Hurricane Danny finally intensified Thursday morning into the first hurricane of the 2015 Atlantic hurricane season, well to the east of the Lesser Antilles in the central Atlantic Ocean.
Microwave satellite imagery indicates Danny’s convection looks to be more solidly organized around its center of circulation Thursday morning than it was Wednesday, notes hurricane specialist, Michael Lowry.
Danny’s hurricane-force winds extended up to only about 10 miles from the center of circulation as of the 11 a.m. advisory from the National Hurricane Center, a tiny hurricane-force wind field.
Small circulations such as Danny are prone to sudden changes in intensity, which can be difficult to forecast.
Dry air will be a continual challenge to Danny over the next several days, as water vapor imagery indicates an ample reservoir of dry air north of Danny extending westward into the Caribbean Sea.
Dry air hampers tropical cyclones by encouraging the development of stronger thunderstorm downdrafts, which then either squelch nearby thunderstorms from forming or push them away.
This dry air is also stable, meaning it suppresses upward vertical columns of air needed to maintain or form new thunderstorms.
Wind shear, namely, the change in wind speed with height either in speed and/or direction, can blow convection away from the center from a tropical cyclone. If strong enough, this can rip apart existing tropical cyclones.
Despite what had been a rather hostile atmosphere featuring record mid-July through mid-August Caribbean wind shear, Danny will remain far enough south over the next couple of days to remain in an environment of rather light wind shear.
So, assuming the atmosphere immediately surrounding Danny remains somewhat moist, Danny may remain a hurricane through this weekend.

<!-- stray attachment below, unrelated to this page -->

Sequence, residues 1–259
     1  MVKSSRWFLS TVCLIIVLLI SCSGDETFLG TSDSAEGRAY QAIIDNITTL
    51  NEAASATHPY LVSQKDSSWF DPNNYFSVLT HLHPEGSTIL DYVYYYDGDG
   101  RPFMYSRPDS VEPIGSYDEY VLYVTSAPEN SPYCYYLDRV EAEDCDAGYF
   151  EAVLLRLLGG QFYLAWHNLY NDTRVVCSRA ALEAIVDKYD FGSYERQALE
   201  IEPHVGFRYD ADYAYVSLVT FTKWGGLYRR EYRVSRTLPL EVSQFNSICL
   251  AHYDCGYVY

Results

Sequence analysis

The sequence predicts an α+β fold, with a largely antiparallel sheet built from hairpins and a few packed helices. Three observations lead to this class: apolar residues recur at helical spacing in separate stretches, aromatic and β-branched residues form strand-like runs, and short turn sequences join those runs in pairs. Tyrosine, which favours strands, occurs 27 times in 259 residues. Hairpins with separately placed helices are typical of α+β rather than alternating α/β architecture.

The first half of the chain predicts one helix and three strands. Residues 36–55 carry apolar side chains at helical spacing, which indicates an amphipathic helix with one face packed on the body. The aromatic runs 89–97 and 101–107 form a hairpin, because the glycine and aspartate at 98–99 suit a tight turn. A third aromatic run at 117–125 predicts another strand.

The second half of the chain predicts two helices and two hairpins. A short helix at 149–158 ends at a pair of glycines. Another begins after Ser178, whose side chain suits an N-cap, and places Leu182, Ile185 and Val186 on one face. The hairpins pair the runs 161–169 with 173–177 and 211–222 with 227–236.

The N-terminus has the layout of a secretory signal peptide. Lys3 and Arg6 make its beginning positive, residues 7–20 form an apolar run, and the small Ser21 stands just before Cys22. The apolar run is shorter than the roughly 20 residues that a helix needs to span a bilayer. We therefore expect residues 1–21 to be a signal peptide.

Danny will move generally toward the west-northwest the next several days. Computer model forecast guidance shows that it may not reach the longitude near the eastern Caribbean Sea (about 61 degrees West longitude) until Monday.
As a result, we have plenty of time to monitor its progress.
Given the aforementioned dry air and wind shear in place over the eastern Caribbean Sea, it’s possible that this system will be weakening once it reaches the vicinity of the Lesser Antilles, but may still be at least minimal hurricane strength upon arrival.
It remains too early to get too specific on impacts to those islands. Interests in the Lesser Antilles, the Virgin Islands and Puerto Rico should monitor the progress of Danny.
Stay tuned to The Weather Channel and check back with weather.com for updates on this system.
Incidentally, while small, Danny isn’t the smallest tropical cyclone on record. According to the NOAA’s Hurricane Research Division, Tropical Storm Marco in 2008 had gale-force winds extending only 12 miles from the center. Danny’s tropical storm-force winds extended up to an estimated 60 miles from the center, as of late Thursday morning.
Danny became only the fourth named storm to become a hurricane in the strip of the Atlantic Ocean from off west Africa to the Lesser Antilles since the start of the 2011 season. Gonzalo (2014), Humberto (2013) and Katia (2011) were the only others to do so in that stretch of over four seasons.